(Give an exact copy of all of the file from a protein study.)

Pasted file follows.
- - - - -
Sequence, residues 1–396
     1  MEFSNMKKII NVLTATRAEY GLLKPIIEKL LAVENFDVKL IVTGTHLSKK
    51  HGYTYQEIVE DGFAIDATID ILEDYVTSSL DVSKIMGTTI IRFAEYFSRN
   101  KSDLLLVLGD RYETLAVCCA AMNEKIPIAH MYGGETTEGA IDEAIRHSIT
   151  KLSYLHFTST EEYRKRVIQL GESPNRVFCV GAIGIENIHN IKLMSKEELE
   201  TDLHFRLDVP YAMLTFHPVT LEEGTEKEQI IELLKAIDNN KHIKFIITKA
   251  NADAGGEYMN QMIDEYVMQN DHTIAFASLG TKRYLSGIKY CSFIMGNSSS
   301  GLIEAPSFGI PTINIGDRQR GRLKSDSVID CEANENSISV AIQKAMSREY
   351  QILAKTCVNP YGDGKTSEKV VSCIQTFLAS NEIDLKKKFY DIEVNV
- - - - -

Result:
Sequence, residues 1–396
     1  MEFSNMKKII NVLTATRAEY GLLKPIIEKL LAVENFDVKL IVTGTHLSKK
    51  HGYTYQEIVE DGFAIDATID ILEDYVTSSL DVSKIMGTTI IRFAEYFSRN
   101  KSDLLLVLGD RYETLAVCCA AMNEKIPIAH MYGGETTEGA IDEAIRHSIT
   151  KLSYLHFTST EEYRKRVIQL GESPNRVFCV GAIGIENIHN IKLMSKEELE
   201  TDLHFRLDVP YAMLTFHPVT LEEGTEKEQI IELLKAIDNN KHIKFIITKA
   251  NADAGGEYMN QMIDEYVMQN DHTIAFASLG TKRYLSGIKY CSFIMGNSSS
   301  GLIEAPSFGI PTINIGDRQR GRLKSDSVID CEANENSISV AIQKAMSREY
   351  QILAKTCVNP YGDGKTSEKV VSCIQTFLAS NEIDLKKKFY DIEVNV